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Staff Spotlight: Paul Zwelling

Friday, February 22, 2019
Zwelling

Paul Zwelling, the team leader of the EMG lab within Duke Clinic, is the subject of this week’s “Spotlight” interview. Zwelling talks to us about the variety of patients and the familial atmosphere he encounters in his routine, how EMG studies have become friendlier to patients over the past 20 years, and enjoying time with family and working on home improvement projects when he’s not at work. He also talks about common concerns patients have about EMG and how his team work to address them.

What are your current responsibilities at the Duke EMG lab? What does a typical day for you look like?
As the team leader of our EMG lab, I have several responsibilities. I’m responsible for patient care and administering a wide variety of nerve conduction tests. I try to figure out a good workflow between other techs, fellows, and residents. Finally, I try to address scheduling problems with the support staff.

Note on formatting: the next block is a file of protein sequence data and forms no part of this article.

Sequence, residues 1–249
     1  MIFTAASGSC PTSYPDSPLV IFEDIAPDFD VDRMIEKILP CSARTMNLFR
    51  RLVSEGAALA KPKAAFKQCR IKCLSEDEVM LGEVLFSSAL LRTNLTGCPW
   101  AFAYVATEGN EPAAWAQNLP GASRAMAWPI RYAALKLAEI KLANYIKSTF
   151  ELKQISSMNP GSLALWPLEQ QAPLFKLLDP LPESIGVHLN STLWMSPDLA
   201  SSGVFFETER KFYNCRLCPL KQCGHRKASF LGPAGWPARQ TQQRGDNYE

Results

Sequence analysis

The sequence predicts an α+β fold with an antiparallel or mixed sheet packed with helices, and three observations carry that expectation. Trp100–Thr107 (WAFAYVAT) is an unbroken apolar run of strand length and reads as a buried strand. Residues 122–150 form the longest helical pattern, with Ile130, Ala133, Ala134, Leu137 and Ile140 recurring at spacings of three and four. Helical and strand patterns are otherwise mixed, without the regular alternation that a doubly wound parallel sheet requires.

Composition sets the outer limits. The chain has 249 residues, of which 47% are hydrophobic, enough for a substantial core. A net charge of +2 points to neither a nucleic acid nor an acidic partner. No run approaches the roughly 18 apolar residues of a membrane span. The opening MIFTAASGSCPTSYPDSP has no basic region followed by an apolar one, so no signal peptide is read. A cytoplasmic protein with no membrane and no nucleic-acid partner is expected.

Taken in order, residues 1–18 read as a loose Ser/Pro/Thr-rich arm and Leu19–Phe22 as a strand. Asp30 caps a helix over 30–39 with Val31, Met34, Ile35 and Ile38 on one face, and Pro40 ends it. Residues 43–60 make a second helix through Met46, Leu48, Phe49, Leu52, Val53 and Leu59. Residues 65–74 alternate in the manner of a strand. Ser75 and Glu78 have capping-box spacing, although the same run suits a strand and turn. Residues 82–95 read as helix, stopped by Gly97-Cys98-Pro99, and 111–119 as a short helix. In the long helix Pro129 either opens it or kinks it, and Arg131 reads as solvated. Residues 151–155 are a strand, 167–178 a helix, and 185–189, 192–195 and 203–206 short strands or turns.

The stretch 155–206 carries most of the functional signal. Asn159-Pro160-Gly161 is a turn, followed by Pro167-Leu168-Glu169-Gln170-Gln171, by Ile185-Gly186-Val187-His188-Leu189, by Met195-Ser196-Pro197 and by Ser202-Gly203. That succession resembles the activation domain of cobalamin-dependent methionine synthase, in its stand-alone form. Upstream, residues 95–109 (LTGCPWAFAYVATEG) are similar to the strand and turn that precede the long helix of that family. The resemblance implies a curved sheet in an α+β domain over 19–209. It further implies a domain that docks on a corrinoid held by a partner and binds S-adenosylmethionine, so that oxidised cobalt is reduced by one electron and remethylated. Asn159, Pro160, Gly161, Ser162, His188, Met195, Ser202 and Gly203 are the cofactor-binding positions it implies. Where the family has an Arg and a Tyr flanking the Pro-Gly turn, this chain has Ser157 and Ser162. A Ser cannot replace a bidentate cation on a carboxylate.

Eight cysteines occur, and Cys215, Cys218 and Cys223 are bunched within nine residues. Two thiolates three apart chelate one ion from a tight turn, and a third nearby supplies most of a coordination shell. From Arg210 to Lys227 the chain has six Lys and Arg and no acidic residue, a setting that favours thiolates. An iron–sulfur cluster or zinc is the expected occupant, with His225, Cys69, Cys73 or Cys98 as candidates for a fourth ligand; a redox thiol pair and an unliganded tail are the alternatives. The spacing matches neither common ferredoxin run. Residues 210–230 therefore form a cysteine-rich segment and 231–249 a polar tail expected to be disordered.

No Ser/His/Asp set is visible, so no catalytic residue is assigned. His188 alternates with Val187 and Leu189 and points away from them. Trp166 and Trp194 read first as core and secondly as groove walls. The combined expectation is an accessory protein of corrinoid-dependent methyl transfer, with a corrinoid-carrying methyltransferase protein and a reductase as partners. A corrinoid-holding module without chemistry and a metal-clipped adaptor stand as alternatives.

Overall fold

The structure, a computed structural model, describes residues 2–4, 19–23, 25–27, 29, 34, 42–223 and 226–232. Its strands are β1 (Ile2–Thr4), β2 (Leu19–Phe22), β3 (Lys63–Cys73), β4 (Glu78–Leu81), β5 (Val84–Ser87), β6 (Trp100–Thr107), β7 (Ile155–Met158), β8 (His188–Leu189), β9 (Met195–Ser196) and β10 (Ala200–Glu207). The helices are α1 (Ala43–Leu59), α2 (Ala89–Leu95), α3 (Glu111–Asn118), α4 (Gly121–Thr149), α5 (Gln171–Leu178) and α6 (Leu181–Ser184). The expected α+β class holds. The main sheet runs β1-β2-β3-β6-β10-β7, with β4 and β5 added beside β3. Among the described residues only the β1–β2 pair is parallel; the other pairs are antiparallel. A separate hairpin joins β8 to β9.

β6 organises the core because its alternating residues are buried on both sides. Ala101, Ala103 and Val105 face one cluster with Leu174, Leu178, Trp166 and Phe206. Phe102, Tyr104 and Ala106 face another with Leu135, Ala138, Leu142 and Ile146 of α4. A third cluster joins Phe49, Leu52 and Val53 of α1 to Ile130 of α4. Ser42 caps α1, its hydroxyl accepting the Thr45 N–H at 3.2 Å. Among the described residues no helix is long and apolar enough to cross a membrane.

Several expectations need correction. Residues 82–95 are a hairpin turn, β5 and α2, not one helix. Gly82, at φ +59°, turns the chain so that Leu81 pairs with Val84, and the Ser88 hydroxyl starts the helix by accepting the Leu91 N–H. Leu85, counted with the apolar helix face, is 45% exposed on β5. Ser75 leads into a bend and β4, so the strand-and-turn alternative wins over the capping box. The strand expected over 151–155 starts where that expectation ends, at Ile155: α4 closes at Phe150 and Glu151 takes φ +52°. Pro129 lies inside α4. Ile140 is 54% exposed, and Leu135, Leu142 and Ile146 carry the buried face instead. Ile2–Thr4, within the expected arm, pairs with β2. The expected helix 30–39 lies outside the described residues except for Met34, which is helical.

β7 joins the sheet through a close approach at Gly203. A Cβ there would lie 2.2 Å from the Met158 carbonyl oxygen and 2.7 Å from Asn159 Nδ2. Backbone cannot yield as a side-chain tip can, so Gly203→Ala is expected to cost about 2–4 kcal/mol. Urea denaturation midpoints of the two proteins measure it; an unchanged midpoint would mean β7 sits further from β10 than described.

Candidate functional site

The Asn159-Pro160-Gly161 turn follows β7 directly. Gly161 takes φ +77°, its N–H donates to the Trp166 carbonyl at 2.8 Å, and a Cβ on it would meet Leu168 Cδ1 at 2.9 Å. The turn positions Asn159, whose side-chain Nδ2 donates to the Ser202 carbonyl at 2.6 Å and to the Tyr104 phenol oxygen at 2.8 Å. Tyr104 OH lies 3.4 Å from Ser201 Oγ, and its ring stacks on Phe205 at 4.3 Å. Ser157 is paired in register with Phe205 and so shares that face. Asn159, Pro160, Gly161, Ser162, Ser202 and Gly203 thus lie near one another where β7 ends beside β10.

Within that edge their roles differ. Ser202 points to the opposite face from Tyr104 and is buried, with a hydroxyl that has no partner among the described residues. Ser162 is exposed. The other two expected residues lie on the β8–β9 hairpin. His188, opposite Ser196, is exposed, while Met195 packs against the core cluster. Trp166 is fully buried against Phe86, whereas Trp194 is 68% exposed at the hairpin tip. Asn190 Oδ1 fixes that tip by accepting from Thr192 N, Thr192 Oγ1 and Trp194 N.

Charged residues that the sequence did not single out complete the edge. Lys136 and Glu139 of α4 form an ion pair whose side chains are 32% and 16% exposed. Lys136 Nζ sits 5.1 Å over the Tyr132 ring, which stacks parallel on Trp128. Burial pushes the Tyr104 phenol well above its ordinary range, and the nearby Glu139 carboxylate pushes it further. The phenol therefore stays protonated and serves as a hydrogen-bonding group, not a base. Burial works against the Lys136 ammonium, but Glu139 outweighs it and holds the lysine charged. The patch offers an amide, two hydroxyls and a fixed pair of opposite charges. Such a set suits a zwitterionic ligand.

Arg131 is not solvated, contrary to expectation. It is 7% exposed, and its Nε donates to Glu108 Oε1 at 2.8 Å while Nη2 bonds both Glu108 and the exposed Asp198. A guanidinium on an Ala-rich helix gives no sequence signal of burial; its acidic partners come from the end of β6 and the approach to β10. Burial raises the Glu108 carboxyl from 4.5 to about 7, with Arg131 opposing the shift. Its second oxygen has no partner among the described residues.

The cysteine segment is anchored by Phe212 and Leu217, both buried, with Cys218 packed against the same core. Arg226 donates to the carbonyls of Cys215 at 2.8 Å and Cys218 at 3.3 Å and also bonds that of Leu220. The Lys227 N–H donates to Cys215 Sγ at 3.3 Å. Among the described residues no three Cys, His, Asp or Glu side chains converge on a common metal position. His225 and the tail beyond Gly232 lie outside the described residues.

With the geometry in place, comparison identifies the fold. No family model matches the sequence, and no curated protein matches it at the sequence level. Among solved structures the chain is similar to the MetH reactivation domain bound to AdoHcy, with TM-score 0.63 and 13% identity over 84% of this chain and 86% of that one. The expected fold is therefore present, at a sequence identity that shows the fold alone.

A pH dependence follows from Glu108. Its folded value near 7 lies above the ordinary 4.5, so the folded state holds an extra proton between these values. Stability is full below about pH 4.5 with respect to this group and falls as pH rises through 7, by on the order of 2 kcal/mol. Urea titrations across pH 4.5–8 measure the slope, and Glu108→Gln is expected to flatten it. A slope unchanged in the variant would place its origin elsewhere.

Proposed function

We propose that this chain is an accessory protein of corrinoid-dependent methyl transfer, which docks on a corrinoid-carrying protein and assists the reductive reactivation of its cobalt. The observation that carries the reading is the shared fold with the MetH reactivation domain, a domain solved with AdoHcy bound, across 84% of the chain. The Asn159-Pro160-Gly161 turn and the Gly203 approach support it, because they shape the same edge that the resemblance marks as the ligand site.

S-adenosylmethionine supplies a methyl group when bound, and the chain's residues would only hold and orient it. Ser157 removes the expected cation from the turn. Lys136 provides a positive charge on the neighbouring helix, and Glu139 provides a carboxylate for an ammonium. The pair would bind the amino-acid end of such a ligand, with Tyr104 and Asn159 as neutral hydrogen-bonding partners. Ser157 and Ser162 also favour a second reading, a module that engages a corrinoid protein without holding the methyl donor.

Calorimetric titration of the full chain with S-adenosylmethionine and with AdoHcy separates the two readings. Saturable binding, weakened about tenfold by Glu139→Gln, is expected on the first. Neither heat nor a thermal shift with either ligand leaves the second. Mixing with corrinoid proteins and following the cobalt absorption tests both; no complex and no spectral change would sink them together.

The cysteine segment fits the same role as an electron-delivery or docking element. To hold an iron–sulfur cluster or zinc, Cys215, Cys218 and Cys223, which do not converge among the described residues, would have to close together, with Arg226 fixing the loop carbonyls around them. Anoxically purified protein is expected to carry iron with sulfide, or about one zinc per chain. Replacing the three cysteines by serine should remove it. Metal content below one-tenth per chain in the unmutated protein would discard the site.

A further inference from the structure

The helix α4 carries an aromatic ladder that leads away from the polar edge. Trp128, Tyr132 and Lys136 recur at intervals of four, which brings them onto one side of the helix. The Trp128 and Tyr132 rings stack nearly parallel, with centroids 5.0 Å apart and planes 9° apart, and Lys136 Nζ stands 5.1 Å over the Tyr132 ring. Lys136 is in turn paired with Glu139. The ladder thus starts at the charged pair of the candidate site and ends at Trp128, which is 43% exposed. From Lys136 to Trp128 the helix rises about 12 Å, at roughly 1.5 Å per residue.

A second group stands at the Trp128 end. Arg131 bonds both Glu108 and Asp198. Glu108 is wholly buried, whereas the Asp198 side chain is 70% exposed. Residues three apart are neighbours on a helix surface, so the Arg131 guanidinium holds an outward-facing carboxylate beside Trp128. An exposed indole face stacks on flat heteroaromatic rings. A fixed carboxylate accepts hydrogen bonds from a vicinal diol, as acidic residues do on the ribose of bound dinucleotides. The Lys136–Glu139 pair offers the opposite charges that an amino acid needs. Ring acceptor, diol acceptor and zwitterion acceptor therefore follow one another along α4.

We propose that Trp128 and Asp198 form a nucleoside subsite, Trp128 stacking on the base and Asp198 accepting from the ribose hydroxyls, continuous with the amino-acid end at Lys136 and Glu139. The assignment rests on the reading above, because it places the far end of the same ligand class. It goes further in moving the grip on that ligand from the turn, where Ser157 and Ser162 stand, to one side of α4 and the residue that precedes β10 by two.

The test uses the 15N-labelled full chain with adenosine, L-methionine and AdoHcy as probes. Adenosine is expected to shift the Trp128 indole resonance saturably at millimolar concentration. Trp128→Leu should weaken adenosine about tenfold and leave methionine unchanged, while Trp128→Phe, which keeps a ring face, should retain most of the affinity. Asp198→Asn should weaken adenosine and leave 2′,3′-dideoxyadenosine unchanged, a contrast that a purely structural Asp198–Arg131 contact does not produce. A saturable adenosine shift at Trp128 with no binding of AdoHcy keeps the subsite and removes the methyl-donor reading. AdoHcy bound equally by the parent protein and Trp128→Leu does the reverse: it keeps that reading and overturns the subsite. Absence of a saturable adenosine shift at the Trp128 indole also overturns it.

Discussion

What do you enjoy most about your work?
I enjoy the wide variety of testing we do in the lab, which includes nerve conduction, repetitive nerve stimulation, muscle biopsies, and EMG. We see a very broad cross-section of patient conditions in the lab which eliminates the monotony that would otherwise be there. I also enjoy being around all my coworkers and team members in the lab. We have a very familial atmosphere within the lab which helps with the daily grind.
 

What’s the most challenging part of your job?
Dealing with patients’ pre-conceived notions of what EMG is. We take pride in this lab to alleviate the fears people have about EMG. They are usually extremely concerned about the pain that may be experienced. Making the patient comfortable along with having a good experience can be very difficult. Our team does an excellent job addressing these concerns and making a difficult test tolerable for these patients.

You’ve been involved in nerve conduction studies of some form or another for the past 20 years. What’s been the biggest change in the field for you? What changes do you see coming over the next decade?
EMG equipment has become extremely user friendly over the years. Many different types of studies can be done with relative ease. Ultrasound has become a very important part of what we do here in the lab also. It is both cost-effective and painless for the patient.

What other passions or hobbies do you have outside of the Department?
I enjoy spending the majority of my time outside of work with my 12-year-old daughter Joedin and wife Amy, along with my pets. We recently moved into a new house and have multiple home improvement projects to accomplish.

Zwelling
Zwelling takes time to pose with man's best friend.